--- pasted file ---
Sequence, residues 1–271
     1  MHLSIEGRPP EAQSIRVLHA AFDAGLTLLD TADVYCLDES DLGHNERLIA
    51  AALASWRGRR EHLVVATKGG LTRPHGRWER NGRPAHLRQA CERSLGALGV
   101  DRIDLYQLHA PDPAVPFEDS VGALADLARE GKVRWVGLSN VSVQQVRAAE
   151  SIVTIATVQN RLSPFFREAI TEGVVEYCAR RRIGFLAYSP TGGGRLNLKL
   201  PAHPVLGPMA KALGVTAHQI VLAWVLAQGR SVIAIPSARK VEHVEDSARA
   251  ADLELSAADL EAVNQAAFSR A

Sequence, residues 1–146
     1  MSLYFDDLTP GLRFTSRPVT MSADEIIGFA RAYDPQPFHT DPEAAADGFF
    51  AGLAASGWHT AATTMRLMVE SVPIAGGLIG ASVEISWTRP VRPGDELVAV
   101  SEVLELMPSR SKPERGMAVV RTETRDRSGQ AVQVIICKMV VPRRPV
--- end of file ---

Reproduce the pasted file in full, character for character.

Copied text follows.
Sequence, residues 1–271
     1  MHLSIEGRPP EAQSIRVLHA AFDAGLTLLD TADVYCLDES DLGHNERLIA
    51  AALASWRGRR EHLVVATKGG LTRPHGRWER NGRPAHLRQA CERSLGALGV
   101  DRIDLYQLHA PDPAVPFEDS VGALADLARE GKVRWVGLSN VSVQQVRAAE
   151  SIVTIATVQN RLSPFFREAI TEGVVEYCAR RRIGFLAYSP TGGGRLNLKL
   201  PAHPVLGPMA KALGVTAHQI VLAWVLAQGR SVIAIPSARK VEHVEDSARA
   251  ADLELSAADL EAVNQAAFSR A

Sequence, residues 1–146
     1  MSLYFDDLTP GLRFTSRPVT MSADEIIGFA RAYDPQPFHT DPEAAADGFF
    51  AGLAASGWHT AATTMRLMVE SVPIAGGLIG ASVEISWTRP VRPGDELVAV
   101  SEVLELMPSR SKPERGMAVV RTETRDRSGQ AVQVIICKMV VPRRPV